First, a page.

“Anxiety is the dizziness of freedom.”
― Søren Kierkegaard
It is early morning, probably four a.m. I am driving. I get the sense that I am headed north. I see nothing but freeway lanes in front of me. Bright city lights line the distance of my rearview, but I do not know which city I am driving away from. I keep thinking Atlanta, but there is nothing definitive to suggest that. I am alone on the road, in the car, and I feel alone. But I do not feel that loneliness at heart. My family is still in my heart and somewhere. Suddenly, I take an exit, the wrong exit. I start to feel a panic arise as I know I am headed in the wrong direction. I try to remember the way I am supposed to go, but I cannot remember where I am headed. The exit twists and turns around many other exits and freeways. I am left driving back and forth, almost in circles, lost and fearful. Then, as I feel the anxiety rise, I remember I really do not have anywhere to be or any definitive direction. Immediately, the road splits and I feel the urge to get in the other lane. The morning sun has emerged, and it is mid-morning. There are cars driving around me, passing me, swerving in and out of the lanes. I cannot merge into the other lane and I miss my exit. I panic again, as I know that once I miss that exit, I can never turn back. I will forever be lost. I want to slow down but fear getting into an accident. I keep trying to stay with the flow of traffic but try so hard to get into the other lane. I must get in that lane, or else I will never get where I am going, although I still do not know where that is.
Then I awake, feeling as if the breath had been yanked from my lungs. I jump up from the bed and have the urge to check on my children. More and more these dreams come. The finale is always unresolved, and I am left with an uneasy awakening and lack of air. I imagine that a bedside spirit has reached into my chest and stolen the air from my lungs. Although these dreams have significant relevancy of current life decisions, I cannot shake the aching suspicion that I may be developing sleep apnea.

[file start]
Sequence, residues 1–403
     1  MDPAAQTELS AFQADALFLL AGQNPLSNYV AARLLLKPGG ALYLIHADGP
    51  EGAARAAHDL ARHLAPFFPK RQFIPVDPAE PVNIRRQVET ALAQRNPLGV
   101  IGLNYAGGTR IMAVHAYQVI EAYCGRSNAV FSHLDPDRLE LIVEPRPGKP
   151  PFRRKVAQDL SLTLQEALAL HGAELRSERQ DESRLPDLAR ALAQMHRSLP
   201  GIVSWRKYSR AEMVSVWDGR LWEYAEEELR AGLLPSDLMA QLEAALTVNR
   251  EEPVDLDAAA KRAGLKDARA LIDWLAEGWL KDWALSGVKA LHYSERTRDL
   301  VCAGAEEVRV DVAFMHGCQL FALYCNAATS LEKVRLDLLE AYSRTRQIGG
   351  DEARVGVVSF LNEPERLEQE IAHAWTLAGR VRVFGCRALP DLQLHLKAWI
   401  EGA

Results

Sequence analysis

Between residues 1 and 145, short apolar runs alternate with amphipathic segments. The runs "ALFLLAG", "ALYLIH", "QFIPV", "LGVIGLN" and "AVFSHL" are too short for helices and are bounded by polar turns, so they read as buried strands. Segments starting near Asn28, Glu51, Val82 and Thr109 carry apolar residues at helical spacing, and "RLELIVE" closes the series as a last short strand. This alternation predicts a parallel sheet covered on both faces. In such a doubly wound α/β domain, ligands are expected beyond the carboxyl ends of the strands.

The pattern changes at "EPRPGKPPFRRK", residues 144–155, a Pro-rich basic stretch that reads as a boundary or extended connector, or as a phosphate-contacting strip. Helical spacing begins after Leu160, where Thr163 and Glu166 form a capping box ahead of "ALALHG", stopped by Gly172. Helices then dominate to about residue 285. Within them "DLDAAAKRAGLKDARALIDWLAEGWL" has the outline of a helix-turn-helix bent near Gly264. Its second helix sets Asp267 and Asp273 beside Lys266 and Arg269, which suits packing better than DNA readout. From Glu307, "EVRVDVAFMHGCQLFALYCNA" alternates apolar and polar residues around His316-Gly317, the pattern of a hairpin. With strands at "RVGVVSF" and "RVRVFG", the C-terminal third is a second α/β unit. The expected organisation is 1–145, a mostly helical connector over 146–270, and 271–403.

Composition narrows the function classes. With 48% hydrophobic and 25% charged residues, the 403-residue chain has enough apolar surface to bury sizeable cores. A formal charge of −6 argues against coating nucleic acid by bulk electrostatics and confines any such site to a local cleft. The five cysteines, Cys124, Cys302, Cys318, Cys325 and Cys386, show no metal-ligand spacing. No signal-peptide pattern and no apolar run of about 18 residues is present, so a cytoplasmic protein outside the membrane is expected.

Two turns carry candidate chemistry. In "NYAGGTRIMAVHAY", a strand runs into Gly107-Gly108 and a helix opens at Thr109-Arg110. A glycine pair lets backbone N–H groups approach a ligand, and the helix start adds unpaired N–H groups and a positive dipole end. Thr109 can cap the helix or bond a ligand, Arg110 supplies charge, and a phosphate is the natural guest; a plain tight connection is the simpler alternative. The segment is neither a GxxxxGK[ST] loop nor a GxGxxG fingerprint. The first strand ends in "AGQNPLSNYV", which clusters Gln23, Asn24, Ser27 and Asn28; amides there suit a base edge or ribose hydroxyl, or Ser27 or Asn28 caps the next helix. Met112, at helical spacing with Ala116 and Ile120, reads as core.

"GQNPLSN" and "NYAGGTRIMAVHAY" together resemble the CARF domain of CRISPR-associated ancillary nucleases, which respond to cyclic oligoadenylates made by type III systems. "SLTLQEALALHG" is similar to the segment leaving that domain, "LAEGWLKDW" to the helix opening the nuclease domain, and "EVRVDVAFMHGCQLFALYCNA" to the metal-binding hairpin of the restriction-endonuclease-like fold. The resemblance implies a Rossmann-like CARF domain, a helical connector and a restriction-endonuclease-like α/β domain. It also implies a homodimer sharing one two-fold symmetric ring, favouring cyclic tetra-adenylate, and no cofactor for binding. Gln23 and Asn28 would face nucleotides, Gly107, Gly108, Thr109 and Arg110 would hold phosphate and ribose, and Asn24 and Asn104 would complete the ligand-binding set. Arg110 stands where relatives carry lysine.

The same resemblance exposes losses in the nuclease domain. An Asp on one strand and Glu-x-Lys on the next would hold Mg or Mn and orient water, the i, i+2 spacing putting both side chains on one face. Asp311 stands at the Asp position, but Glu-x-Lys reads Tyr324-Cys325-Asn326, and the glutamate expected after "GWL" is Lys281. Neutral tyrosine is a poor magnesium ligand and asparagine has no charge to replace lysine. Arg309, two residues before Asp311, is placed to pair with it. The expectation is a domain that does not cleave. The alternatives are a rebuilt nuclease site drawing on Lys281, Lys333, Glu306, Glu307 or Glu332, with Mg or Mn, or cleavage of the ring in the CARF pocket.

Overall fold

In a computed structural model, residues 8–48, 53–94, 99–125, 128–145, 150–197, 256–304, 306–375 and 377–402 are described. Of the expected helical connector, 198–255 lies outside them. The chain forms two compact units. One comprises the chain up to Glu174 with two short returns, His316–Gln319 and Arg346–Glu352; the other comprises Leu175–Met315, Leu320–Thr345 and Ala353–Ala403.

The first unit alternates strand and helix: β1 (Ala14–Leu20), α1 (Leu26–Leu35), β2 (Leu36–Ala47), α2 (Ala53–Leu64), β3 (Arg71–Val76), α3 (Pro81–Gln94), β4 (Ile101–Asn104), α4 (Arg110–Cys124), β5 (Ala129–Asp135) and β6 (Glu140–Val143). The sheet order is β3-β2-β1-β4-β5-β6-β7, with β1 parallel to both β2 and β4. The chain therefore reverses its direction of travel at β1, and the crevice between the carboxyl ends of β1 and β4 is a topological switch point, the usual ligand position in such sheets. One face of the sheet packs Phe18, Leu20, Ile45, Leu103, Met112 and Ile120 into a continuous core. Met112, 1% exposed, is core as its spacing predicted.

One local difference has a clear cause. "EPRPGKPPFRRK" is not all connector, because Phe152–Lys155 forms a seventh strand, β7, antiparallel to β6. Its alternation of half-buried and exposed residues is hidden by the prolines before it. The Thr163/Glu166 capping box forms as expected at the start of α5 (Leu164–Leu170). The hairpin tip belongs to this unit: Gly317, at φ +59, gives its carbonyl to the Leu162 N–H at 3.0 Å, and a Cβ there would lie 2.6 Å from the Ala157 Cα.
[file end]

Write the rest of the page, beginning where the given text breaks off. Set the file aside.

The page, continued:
Now that I have cracked my daily joke, analyzation of the above dream is necessary. My family is undergoing some major changes, none of which are negative. I often find, right before major changes occur in my life, whether planned or not, I have lucid and predictive dreams. Many times, I have not understood them, as the change was unplanned.
In my twenties, I dreamt I was in a public restroom. Every stall was disgusting, all the toilets had backed up onto the seats and the floor. Toilet paper was covered in urine and stool. I could not walk or sit or use the toilets, as they were completely unsanitary.
At another time during my twenties, I dreamt that all of my teeth suddenly cracked and crumbled. Every single tooth slowly cracked and fell from my gums in pieces. There was no pain. There were no obvious medical reasons. I had simply opened my mouth to respond to a friend and my teeth crumbled away.
From reading, mostly personal blogs by so-called experts on dream interpretation, these dreams are very common. The Dirty Toilet and the Crumbling Teeth dreams both represent a strong dissatisfaction with one’s current life and/or situation. They represent a strong desire, sometimes subconscious, for change. Looking back, they represented my intuition telling me to sprint away from the possessive and abusive relationships I was in during that time.
The current dream is a representation of the changes my family is currently undergoing. We are considering a bigger house, my husband has been given new opportunities at his work which will alter our lives, and there are many other changes occurring.
Recently, I told a friend, I felt as if my family was on a speeding train that was headed straight for a cliff. I felt as if we would jump from the train right before it caught fire in an explosion, but we were still on that train and going to go over the cliff with it. But it was the train we were meant to be on as it still was where we were meant to go.
Anxiety and fear is not always a bad thing. Getting lost, lacking direction, dirty toilets, crumbling teeth, and exploding trains may not always be a bad omen. Change is scary. But more times than not, it is more than just fear. Fear pushes us beyond our comfort zone. It can cause us to shed our security blanket and move into a life, a better life, we were meant to live. Embrace fear and anxiety. Without, we would not seek change.
“To venture causes anxiety, but not to venture is to lose one’s self…. And to venture in the highest is precisely to be conscious of one’s self.”
― Søren Kierkegaard